The sum of the scores allow the seafood to fall into Green (good choice), Yellow (good alternative), or Red (avoid) categories. Other organizations such as Ocean-Wise and Aquaculture Stewardship Council also assess sustainability based on Seafood Watch’s sustainability scoring system  and convert the scores from three-fold to a binary system of Green and Red. Learn more…

Lessons Learnt:

  • Through research, students gathered that the problem is that there is a lot of complexity and lack of transparency surrounding the global seafood supply chain and what seafood is sustainable to eat.
  • There is a need to improve transparency regarding sustainable seafood and ability to access this information. The group learned about the importance of understanding these tools to identify relevant information about sustainable seafood options.
  • It is everyone’s responsibility to ensure sustainable seafood consumption. Policies should be put in place to regulate how seafood is being labeled sustainable.
  • While not easy, it is possible to identify unsustainable seafood sources and replace them with more sustainable sources.
  • Sustainably sourced seafood, such as recirculating aquaculture is not perfect but can create seafood options. These options can be much more expensive, and we rely on food and nutrition professionals to get creative in the kitchen to use them more sparingly.
  • The seafood that the students helped remove included the red-listed atlantic salmon and white shrimp that was being served in the Acadia dining hall.  Students gathered sustainable options to be presented as recommendations to replace these red-listed menu items. The better choices included the Ocean Wise-approved farmed Whiteleg shrimp and the Ocean Wise-approved farmed Giant Tiger shrimp. 

What Else? Other Relevant Examples

  • Recirculating aquaculture is Ocean Wise approved by fisheries worldwide and is often used for Atlantic salmon farming. Learn more…
  • Through the Aquaculture Stewardship Council, you can search ASC-certified seafood using a simple drop-down search. Learn more…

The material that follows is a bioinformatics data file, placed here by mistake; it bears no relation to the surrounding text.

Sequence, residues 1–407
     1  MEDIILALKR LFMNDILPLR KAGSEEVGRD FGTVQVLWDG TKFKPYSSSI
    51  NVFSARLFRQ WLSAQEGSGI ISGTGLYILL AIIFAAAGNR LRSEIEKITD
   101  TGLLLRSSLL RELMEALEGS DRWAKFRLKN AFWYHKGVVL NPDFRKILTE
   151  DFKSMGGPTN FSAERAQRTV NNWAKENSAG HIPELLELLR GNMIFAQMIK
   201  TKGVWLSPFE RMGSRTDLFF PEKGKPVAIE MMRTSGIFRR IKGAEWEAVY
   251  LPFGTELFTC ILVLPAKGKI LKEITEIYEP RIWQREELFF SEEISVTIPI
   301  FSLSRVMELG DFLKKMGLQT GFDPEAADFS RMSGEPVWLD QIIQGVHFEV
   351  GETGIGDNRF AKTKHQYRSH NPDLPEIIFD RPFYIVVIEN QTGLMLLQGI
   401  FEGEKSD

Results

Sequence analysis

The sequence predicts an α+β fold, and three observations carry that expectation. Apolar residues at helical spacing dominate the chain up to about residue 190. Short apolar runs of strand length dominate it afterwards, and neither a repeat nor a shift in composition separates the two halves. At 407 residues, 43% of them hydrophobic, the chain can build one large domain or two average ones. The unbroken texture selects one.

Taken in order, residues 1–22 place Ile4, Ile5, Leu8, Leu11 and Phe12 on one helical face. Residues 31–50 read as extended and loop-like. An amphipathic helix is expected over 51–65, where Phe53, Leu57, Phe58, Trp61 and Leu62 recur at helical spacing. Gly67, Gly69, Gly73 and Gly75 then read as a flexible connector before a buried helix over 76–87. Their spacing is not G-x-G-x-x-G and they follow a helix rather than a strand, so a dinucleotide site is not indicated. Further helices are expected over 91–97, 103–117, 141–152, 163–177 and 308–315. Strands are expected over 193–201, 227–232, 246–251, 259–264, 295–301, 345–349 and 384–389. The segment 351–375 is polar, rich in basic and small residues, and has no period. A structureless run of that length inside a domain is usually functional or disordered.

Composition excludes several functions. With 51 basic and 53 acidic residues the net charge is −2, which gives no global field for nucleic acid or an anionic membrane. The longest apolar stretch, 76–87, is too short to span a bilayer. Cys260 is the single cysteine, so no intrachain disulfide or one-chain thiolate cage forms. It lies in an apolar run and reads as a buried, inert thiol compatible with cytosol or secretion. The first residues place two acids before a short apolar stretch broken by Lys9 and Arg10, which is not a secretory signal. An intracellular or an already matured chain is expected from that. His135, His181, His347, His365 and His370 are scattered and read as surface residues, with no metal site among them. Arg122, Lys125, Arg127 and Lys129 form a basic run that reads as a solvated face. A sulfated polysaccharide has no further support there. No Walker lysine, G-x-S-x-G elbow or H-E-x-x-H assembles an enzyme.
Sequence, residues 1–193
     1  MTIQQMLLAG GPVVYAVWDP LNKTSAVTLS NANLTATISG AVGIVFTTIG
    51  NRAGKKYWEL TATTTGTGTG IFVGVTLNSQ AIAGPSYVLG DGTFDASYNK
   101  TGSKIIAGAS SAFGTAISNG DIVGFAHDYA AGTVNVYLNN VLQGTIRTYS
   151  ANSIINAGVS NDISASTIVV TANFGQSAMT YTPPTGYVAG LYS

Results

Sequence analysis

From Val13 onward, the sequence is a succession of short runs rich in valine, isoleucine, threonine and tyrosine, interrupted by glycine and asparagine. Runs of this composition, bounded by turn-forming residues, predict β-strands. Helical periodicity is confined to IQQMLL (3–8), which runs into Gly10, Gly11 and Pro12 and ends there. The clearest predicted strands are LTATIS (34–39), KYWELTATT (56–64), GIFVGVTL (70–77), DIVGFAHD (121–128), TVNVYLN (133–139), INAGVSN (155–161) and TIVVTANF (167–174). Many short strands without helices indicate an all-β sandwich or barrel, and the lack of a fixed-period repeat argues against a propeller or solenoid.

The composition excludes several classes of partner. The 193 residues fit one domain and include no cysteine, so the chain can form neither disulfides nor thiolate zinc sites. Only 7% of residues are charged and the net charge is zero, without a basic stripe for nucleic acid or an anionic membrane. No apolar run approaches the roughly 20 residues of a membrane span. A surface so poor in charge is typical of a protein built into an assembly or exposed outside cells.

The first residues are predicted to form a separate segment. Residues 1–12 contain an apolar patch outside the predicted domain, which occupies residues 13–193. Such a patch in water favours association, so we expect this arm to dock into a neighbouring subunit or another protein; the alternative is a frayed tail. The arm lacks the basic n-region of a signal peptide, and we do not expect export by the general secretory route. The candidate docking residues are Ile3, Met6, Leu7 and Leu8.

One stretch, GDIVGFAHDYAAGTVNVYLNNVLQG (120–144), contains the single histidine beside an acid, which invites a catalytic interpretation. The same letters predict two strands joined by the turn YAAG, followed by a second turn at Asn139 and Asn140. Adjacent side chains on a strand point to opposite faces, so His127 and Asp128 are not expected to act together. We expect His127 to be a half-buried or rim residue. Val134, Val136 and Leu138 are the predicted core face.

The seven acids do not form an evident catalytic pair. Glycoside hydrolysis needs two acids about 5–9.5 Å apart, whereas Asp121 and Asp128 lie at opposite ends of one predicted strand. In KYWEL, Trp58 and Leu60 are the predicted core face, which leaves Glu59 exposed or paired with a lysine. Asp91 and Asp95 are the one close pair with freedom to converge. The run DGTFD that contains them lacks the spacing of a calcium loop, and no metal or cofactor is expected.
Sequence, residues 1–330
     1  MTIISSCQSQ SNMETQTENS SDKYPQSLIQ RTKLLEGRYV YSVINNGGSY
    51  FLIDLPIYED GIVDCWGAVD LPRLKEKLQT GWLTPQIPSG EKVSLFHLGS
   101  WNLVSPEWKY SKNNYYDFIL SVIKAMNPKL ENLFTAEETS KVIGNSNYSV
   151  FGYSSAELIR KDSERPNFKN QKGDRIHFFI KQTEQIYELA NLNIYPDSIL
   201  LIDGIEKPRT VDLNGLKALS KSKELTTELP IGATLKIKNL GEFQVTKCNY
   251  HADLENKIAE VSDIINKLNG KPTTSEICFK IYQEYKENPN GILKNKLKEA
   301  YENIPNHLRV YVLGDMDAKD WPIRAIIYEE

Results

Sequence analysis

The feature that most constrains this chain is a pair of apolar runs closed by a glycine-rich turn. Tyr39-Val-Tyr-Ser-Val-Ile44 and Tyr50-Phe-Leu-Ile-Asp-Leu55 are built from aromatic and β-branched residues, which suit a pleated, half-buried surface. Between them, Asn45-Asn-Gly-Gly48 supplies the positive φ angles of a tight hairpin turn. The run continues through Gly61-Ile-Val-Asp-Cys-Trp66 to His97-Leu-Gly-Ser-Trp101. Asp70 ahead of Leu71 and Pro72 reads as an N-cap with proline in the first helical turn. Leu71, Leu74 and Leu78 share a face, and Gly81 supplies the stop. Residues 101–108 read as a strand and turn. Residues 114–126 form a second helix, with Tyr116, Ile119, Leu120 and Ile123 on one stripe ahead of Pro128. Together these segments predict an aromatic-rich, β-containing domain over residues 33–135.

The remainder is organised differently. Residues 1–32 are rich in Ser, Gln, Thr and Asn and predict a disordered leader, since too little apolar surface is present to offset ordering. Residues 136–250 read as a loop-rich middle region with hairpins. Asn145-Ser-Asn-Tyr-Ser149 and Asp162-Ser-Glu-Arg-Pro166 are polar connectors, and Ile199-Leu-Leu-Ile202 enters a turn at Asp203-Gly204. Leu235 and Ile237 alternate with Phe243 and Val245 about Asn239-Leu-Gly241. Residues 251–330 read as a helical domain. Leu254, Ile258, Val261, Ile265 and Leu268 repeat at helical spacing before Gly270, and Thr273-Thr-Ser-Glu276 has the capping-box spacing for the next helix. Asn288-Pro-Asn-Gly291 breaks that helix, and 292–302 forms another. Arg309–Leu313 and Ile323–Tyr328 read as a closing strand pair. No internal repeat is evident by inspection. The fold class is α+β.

• Organizations such as the Marine Conservation Society create resources to help educate students about ocean sustainability. Learn more…
  • Nourish Canada has developed a Sustainable Menu Guide that can guide menus for organizations such as University campuses. The menu guide simplifies efforts o create sustainable menus that reduce environmental impact while offering healthy, affordable, acceptable, and fair food to clients.  While not specific to sustainable seafood, it is more broadly helpful with practical examples.

Food for Thought
How do we ensure that we have aquatic resources for the future, especially with the growing demand?
What kind of tools are effective or needed to empower and educate consumers to make sustainable choices?
What supports do food service providers need to serve sustainable seafood choices?

Contact Information
Madalyn Higgins,

Thank you to Naomi Kereliuk for facilitating this case study!

Recovering Drug Addictions and Nutrition (Germany)

At a Glace

  • This case study originated from a dietitian in Germany who shared their story via a webinar hosted by the ICDA-SFS Toolkit Team.
  • The European food laws stating that only 100% perfect fruits and vegetables created an opportunity to reduce food waste and save money for recovering drug addicts in Germany.
  • Lessons Learnt: The fruits and vegetables from distributers that they are required not to sell due to produce not being “100% perfect”, can be helpful in practicing the reduction of food waste and using this produce to create jams, chutney’s, etc. that can be used in meals and donated.


The laws around food and food distribution are different from region to region and can have an impact on what happens to food throughout the food system, specifically in the process of distribution. The European food laws restrict distributors from selling any fruits or vegetables that are not 100% perfect. For example, “if a single peach in a tray has small damages, the whole tray is not allowed to be sold”, as explained from the source of this case study. With such a high standard for fruits and vegetables, distributors try to find reliable partners that can pick up and further process the fruits and vegetables that are not able to be sold. Fortunately, the Dietitian for an open living community for recovering drug addicts in Germany was able to take advantage of these distributors and their produce.